There are four types of Failure Modes that cause the most failures:



Brittle Fracture

The material is too brittle owing to any combination of too-high Carbon equivalent value, impurities in the grain structure or inadequate heat treatment.

The result is lowered Charpy impact strength at its minimum design metal temperature (MDMT) and a tendency to fail catastrophically in a brittle manner.

This is made worse by any welding or imposed fatigue stresses on the component.



Embrittlement Cracking

The material is too hard (for the same reasons as above) leading to decreased resistance to environmental cracking (SCC, H2 embrittlement and similar).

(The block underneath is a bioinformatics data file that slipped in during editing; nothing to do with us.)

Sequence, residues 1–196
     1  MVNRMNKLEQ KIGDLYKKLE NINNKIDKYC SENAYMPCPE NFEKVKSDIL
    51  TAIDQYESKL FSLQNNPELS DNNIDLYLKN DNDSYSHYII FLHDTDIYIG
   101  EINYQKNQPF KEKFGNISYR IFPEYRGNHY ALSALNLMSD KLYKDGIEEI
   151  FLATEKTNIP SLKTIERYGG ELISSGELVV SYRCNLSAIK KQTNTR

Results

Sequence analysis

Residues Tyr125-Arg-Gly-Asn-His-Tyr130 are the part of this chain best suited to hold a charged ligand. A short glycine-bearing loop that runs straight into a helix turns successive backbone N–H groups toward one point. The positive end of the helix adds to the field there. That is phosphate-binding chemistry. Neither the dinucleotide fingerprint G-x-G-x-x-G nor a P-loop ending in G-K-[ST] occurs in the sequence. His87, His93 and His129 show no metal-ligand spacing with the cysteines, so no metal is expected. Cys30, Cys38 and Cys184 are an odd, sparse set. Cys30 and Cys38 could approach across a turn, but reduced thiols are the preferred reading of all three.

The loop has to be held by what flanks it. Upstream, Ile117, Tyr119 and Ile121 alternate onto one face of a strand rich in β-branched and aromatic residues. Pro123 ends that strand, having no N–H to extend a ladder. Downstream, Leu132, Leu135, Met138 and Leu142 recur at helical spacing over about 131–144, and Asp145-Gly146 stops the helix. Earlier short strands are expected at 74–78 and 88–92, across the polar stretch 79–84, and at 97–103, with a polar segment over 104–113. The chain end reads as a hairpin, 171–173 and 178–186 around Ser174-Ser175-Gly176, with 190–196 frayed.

There may also be non-compliances in chemical composition, making the situation worse.



High temperature Creep

Material designed to operate within its creep range (starting at about 380 degC for plain Carbon steels) can easily be produced with out-of-specification chemical composition or heat treatment (annealing).

This makes it susceptible to accelerated micro-cracking and/or softening in service causing premature failure.

It is most common in steels containing greater than 5% Cr with supporting trace elements.




The material is too soft, causing it to erode when exposed to aggressive process fluids velocities, particulates or cavitation.

It is caused by either incorrect chemical composition and/or inadequate ‘finishing’ of the component (e.g. a surface treatment such as nitriding).